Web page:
Everything You Need To Know About Dehydration

1)  What is dehydration?

           Dehydration is more than being thirsty, or needing to drink a little more water after your workout.  Dehydration is the loss of a harmful amount of fluid from your body.

2)  What causes dehydration?

           In flu season, a lot of dehydration is caused by the loss of bodily fluids through vomiting and diarrhea.  It’s also possible to get dehydrated from a fever, because water evaporates off of hot skin faster.  Other causes of dehydration include physical exertion, excessive sweating, and hot climates.  Medications called diuretics, which make you urinate more, can also lead to dehydration.

3) How can you tell if someone is dehydrated?  

         In children, symptoms of dehydration include the lack of tears, sunken eyes, a sunken fontanelle (aka “soft spot”) and a decreased number of wet diapers.  In patients of all ages, dehydration can cause weight loss, dizziness, dry skin, dark urine, lethargy, an accelerated heart rate and a drop in blood pressure.

4)  What are the dangers of dehydration?

         Dehydration is dangerous because it causes hypotension (low blood pressure), because your body lacks enough fluid to overcome gravity.  This can lead to an altered level of consciousness, or a loss of consciousness.  Dehydration also causes less fluids and oxygen to flow to major organs, like the kidneys and the brain.  Without adequate perfusion, these vital organs will begin to fail.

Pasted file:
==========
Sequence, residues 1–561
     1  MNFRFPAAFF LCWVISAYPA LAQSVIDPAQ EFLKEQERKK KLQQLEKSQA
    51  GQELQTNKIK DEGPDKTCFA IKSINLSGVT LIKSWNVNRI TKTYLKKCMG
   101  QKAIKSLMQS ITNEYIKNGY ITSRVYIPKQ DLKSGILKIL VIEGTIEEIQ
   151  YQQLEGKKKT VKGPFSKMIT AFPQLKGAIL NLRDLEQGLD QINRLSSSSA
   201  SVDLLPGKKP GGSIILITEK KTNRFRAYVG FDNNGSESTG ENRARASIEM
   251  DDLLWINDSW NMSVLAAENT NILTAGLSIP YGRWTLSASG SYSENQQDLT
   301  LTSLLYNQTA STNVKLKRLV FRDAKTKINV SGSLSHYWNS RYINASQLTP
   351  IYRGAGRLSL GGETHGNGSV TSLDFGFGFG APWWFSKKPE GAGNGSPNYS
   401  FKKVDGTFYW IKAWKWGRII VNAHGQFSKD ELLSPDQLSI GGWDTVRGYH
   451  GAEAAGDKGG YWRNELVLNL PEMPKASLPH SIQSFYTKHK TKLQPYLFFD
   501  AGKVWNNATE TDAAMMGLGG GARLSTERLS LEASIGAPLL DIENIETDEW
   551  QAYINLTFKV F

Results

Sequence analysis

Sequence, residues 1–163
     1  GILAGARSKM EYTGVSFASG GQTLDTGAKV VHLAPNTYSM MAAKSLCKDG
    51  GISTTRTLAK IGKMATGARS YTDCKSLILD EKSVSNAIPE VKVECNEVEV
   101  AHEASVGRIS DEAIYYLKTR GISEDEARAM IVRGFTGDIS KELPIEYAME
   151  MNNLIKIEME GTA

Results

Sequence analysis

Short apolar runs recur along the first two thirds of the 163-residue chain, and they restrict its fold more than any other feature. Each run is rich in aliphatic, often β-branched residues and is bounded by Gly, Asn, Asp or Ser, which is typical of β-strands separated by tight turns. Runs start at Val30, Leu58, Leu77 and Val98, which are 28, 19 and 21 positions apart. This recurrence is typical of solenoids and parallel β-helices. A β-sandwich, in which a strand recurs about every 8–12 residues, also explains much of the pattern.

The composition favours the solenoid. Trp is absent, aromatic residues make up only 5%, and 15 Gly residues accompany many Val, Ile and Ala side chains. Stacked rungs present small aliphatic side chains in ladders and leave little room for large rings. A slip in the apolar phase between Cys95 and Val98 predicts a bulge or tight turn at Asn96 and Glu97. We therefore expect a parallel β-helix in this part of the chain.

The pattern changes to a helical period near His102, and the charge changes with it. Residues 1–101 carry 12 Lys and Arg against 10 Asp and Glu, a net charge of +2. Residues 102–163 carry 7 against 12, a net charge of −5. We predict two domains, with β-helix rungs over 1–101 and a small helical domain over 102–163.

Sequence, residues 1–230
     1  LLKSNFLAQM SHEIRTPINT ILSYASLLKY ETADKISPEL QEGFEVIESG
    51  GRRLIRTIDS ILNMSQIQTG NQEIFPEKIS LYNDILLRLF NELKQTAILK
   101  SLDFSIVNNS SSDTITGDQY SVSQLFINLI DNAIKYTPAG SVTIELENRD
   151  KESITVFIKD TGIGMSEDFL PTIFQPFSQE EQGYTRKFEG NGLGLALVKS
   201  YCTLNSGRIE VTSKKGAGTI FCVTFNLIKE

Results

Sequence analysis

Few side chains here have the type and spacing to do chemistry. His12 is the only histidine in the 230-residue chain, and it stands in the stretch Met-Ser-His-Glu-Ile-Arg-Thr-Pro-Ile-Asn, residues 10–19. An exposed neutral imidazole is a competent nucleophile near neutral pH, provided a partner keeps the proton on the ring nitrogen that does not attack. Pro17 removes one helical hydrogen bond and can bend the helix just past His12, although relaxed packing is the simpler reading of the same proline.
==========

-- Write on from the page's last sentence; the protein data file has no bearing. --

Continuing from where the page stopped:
5)  What can you do to prevent dehydration?

          There are several key ways to prevent dehydration!  If it’s due to an illness, it’s important to treat the underlying cause.  Taking antibiotics for bacterial infections, taking Tamiflu for influenza, taking fever reducers to treat a fever, and take anti-emetics and anti-diarrheals to treat vomiting and diarrhea are key ways to prevent dehydration.

           For dehydration caused by factors other than illness...if you’re working out, make sure to drink plenty of water.  If you’re in a hot climate, drink water, wear breathable fabrics, and stay in the shade as much as possible.  If you’re taking diuretics, make sure to take them as prescribed, and notify your health care provider if you begin to feel dizzy, thirsty or weak.

6)  How is dehydration treated?

           If a patient is becoming dehydrated due to vomiting, diarrhea or a fever, it’s important to try to replenish the fluid they’re losing. Instead of drinking plain water, we recommend drinking fluids that contain salt and electrolytes, since these are often depleted when a patient is ill.  Taking slow, frequent sips of clear fluids (think Gatorade, Vitamin Water, Pedialyte or broth) is more effective than trying to get a patient to chug a large volume of fluids all at once.  If someone continues to exhibit signs of dehydration in spite of efforts to drink more fluids at home, they need to be evaluated by a medical provider as soon as possible, and rehydrated with IV fluids.

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At Golden Gate Urgent Care, we’re here 7 days a week to care for you!  We offer IV fluids and an array of IV medications to treat you and your loved ones.  Make an appointment online, or simply walk in to get the care you need.

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